Spanish experimental music has always stood slightly apart from its European peers; a lingering legacy of cultural isolation perpetrated by Francoist dictatorship until 1975. Where much of the avant-garde world had engaged in close exchange during the decades following the Second World War - creating a fairly uniform sense of linguistic continuity - Spanish artists were forced to forge their own paths, ultimately creating highly distinct and often culturally specific pallets of structure and sonority that began to emerge during the late 1970s and across the '80s and '90s. While reissue efforts have helped illuminate the work of a number of incredible artists - Iury Lech, Pep Llopis, Joan Bibiloni, Orquesta De Las Nubes, Suso Sáiz, Música Esporádica, Finis Africae, Luis Delgado, Luis Paniagua, Idee Du Femelle, Ildefenso Aguilar, Mecánica Popular, Eduardo Polonio, etc. - the contemporary context of adventurous Spanish music has remained fairly elusive beyond the country’s borders. This is even more the case of the Basque region, an autonomous community in northern Spain with its own, distinct cultural traditions and language. Thankfully, the London based imprint, Hegoa's latest LP, the ensemble Carcáscara’s “II”, takes great lengths toward highlighting how incredible the Basque scene is. An overwhelmingly beautiful hybrid of folk, jazz, and minimalist traditions, it came out of nowhere and left us floored. Issued in a very limited edition of 300 hand numbered copies, once the word gets out this one is going to fly.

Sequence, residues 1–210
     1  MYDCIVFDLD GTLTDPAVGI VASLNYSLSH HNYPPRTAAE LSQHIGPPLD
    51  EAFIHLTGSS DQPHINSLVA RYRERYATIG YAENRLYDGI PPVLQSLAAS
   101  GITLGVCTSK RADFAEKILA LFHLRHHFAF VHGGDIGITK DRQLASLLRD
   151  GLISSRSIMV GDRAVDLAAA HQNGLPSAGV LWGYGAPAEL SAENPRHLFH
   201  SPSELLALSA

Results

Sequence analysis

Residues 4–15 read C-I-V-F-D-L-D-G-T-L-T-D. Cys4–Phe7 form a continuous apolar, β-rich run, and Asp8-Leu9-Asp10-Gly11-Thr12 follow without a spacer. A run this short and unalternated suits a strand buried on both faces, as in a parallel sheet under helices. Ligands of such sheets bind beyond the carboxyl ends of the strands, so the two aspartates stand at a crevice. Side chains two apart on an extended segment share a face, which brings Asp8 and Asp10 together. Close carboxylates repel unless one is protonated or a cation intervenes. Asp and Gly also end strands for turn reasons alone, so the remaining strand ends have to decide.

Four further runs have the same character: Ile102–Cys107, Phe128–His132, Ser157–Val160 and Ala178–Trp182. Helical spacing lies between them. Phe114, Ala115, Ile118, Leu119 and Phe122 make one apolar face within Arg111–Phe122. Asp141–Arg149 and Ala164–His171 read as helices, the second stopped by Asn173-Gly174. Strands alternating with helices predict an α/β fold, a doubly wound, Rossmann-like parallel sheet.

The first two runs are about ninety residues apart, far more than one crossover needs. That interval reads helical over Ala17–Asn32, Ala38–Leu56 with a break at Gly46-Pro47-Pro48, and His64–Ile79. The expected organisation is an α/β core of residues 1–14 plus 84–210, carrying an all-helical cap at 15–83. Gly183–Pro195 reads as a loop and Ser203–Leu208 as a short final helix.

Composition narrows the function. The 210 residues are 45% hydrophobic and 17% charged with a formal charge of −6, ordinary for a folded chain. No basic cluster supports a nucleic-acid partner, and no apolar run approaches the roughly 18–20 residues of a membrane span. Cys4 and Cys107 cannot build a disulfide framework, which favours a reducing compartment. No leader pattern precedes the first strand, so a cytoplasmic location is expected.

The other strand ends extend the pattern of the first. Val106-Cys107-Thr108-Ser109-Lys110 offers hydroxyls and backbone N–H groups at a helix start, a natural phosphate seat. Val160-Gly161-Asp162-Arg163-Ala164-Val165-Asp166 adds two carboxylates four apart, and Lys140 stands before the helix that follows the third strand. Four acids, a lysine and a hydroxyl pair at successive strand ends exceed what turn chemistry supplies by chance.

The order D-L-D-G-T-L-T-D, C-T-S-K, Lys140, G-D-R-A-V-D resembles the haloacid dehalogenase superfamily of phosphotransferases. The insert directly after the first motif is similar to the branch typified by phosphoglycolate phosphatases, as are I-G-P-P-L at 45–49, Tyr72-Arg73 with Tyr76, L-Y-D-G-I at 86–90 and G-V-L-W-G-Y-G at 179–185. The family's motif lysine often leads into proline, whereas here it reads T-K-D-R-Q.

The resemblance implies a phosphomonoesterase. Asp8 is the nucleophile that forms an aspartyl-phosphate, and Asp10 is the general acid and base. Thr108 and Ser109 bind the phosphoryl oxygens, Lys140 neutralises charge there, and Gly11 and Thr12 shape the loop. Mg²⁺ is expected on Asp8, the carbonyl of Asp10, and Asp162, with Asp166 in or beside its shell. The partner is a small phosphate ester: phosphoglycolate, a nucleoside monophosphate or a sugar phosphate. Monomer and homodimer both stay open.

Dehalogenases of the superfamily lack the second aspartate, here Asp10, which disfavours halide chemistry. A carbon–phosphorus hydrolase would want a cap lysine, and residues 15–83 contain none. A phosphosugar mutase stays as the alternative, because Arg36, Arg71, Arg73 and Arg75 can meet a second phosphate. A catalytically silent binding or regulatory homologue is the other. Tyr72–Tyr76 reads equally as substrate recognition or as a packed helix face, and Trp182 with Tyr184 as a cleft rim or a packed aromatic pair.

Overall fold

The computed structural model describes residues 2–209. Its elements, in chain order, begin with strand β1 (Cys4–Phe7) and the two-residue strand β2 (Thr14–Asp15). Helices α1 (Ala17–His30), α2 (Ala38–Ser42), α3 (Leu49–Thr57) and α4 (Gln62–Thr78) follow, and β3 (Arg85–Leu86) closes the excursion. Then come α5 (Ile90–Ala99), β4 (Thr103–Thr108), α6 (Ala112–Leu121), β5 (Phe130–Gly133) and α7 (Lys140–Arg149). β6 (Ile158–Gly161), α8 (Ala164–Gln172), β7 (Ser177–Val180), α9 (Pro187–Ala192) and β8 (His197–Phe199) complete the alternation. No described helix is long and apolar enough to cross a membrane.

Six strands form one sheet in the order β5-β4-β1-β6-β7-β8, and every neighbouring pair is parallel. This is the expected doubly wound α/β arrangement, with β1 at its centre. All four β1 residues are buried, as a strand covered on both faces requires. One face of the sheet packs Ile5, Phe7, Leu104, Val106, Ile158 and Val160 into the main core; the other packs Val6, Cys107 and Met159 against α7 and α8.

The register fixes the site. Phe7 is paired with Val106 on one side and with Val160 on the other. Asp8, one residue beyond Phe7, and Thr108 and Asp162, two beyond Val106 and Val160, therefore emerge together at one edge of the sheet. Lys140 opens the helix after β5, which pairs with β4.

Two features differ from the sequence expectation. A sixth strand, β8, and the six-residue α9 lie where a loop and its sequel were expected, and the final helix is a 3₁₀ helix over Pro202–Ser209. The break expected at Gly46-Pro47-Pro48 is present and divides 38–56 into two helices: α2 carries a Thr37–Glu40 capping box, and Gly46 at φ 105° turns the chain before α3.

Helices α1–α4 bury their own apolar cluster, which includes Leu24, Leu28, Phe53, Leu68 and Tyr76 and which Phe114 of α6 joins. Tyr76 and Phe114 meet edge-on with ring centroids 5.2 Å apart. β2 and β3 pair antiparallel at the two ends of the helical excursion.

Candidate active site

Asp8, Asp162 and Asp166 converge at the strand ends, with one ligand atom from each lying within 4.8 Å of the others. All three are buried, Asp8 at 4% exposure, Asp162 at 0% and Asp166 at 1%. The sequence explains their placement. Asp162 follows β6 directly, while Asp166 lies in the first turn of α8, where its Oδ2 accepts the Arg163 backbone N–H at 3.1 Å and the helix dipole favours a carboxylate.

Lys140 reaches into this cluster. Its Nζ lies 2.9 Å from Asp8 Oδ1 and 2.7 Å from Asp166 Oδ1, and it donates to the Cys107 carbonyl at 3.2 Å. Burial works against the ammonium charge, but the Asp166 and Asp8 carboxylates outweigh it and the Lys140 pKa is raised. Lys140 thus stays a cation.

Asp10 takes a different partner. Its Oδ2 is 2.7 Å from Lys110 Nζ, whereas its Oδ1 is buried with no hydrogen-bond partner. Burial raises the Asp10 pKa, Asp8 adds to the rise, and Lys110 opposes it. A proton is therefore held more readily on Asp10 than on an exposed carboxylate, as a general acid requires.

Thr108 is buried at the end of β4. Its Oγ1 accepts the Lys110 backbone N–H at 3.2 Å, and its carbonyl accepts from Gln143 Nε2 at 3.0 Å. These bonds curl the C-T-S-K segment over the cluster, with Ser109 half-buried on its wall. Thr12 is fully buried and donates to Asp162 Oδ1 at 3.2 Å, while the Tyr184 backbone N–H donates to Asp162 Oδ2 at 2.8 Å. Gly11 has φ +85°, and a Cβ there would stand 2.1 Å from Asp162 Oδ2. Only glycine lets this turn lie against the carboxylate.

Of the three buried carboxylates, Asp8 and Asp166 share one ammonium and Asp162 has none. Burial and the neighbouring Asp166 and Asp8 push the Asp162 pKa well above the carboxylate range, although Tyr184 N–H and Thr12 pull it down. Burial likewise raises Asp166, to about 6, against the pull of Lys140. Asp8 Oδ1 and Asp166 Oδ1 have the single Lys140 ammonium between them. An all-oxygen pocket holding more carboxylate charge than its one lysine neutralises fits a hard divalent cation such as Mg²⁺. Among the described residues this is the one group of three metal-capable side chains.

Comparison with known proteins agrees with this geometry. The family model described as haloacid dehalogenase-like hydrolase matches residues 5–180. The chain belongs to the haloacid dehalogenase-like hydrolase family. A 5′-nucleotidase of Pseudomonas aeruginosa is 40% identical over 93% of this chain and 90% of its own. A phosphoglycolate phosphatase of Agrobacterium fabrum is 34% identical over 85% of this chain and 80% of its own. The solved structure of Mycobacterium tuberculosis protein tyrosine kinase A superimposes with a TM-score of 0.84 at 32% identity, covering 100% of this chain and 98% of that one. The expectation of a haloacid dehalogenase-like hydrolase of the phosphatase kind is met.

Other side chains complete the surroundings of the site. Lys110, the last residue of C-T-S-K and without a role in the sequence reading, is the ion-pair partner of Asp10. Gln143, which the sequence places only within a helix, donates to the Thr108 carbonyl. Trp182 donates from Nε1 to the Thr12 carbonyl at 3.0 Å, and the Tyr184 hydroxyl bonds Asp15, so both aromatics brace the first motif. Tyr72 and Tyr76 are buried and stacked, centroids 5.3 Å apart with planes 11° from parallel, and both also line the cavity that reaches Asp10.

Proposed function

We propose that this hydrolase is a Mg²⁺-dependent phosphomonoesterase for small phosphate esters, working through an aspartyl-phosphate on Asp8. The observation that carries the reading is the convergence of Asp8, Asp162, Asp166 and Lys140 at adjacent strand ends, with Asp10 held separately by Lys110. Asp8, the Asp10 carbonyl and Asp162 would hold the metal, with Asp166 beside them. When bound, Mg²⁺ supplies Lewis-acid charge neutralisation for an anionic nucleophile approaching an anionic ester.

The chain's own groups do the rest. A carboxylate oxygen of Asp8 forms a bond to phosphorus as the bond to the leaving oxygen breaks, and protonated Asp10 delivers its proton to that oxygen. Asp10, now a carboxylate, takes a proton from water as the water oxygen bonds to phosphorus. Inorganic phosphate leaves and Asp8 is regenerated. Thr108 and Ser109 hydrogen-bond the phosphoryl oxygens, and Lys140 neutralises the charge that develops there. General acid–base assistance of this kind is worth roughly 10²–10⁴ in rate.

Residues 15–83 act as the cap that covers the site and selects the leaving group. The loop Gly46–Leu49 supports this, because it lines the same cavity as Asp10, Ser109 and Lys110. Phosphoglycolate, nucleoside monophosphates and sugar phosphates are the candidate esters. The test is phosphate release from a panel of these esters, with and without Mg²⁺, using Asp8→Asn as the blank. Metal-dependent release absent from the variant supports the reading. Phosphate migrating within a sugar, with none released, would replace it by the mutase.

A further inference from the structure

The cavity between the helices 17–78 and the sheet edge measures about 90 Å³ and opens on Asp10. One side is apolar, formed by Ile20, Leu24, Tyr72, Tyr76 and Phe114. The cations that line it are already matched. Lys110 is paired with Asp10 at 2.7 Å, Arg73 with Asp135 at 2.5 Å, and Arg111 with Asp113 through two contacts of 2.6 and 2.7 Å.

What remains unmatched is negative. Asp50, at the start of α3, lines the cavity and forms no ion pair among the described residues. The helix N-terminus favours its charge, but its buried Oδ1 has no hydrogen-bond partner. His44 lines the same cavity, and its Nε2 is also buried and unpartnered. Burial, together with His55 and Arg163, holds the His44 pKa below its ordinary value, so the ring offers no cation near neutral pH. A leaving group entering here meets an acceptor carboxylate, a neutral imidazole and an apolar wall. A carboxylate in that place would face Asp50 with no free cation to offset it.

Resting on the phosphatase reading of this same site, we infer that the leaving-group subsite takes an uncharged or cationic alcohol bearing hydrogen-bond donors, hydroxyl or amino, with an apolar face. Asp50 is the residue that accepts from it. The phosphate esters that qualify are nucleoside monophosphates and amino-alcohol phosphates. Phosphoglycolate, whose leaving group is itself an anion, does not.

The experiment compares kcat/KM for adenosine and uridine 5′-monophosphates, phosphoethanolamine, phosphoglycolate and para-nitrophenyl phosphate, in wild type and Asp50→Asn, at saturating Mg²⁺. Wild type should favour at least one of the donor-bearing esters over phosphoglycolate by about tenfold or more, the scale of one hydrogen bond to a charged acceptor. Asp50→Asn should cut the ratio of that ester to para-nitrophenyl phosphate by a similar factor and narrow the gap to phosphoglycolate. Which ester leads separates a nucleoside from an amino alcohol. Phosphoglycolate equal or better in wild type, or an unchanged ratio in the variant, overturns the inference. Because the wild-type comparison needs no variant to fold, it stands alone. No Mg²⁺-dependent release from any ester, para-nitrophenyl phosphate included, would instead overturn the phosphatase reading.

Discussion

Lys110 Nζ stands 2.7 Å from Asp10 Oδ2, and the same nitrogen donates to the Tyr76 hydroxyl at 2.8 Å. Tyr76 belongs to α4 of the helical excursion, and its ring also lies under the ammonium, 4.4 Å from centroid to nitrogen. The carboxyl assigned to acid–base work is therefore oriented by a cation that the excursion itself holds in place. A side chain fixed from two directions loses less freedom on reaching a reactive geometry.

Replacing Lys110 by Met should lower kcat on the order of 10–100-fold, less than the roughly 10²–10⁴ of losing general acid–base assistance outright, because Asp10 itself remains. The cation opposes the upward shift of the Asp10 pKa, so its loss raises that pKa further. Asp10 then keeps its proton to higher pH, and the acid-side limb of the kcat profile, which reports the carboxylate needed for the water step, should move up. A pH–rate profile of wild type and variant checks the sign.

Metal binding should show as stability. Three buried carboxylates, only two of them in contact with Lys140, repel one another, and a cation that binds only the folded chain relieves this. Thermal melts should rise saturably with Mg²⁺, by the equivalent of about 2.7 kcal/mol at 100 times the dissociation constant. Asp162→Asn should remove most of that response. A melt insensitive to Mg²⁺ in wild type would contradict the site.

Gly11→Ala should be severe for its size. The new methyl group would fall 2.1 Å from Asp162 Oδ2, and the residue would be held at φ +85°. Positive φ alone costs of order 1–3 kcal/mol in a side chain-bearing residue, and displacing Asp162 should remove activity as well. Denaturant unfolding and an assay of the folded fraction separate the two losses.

Carcáscara is Fernando Aguirre, Xabier Iriondo and Iñigo Ugarteburu. The project released their debut LP in 2007 to tragically little notice. The project grew from the ashes of longstanding larger ensemble, Café Teatro, which released three stunning albums across the first decade of the new millennium - Aguirre, Iriondo and Ugarteburu were all members - which laid the rough footprint for the sound that would emerge as Carcáscara’s own. Ugarteburu also notably works within the more explicitly experimental trio, Liberez, with John Hannon and Tom James Scott, which helps tie Carcáscara’s efforts and underlying concepts to a larger network of activity within the field.
Recorded between London and Basque Country in 2014, the sheer beauty of Carcáscara’s second outing will inevitably leave the listener slightly confounded by the fact that it remained shelved for the better part of a decade. It is, quite simply, a stunning bit of artistry that stands way out there on its own, sculpting a fascinating middle ground between the territories explored by projects like Town & Country (Ben Vida, Jim Dorling, Joshua Abrams, Liz Payne) and Pascal Comelade / Bel Canto Orquestra.
Deploying a pallet of classical guitars, vocals, harmonium, bells, marimba, ukuleles, flutes, synths and field recordings, under the guise of Carcáscara Aguirre, Iriondo, and Ugarteburu weave an intimate expanse of dancing tonality that nods equally toward a number of Spanish folk traditions, American primitivism, and musical minimalism, intertwining cascading arpeggiations, drones, textures, and vocals with a loose immediacy that never sacrifices a sense of precision or clear artistic vision.
While firmly rooted within the field of experimental music, across the length of “II”, Carcáscara offers a potent reminder that the experimental is neither an aesthetic or a “sound”. It is a spirit and a pursuit. Rich and overwhelmingly beautiful, “II” is rooted in the pure joy of collective music making. It is a searching, thoughtful record that is impossible to get off the turntable once the needle drops. An absolute triumph and a balm for the soul, this is hands down one of the favorite and most unexpected releases we’ve encountered all year. Issued on vinyl by Hegoa in a very limited edition of 300 hand numbered copies, in hand stamped covers on craft board, including an insert.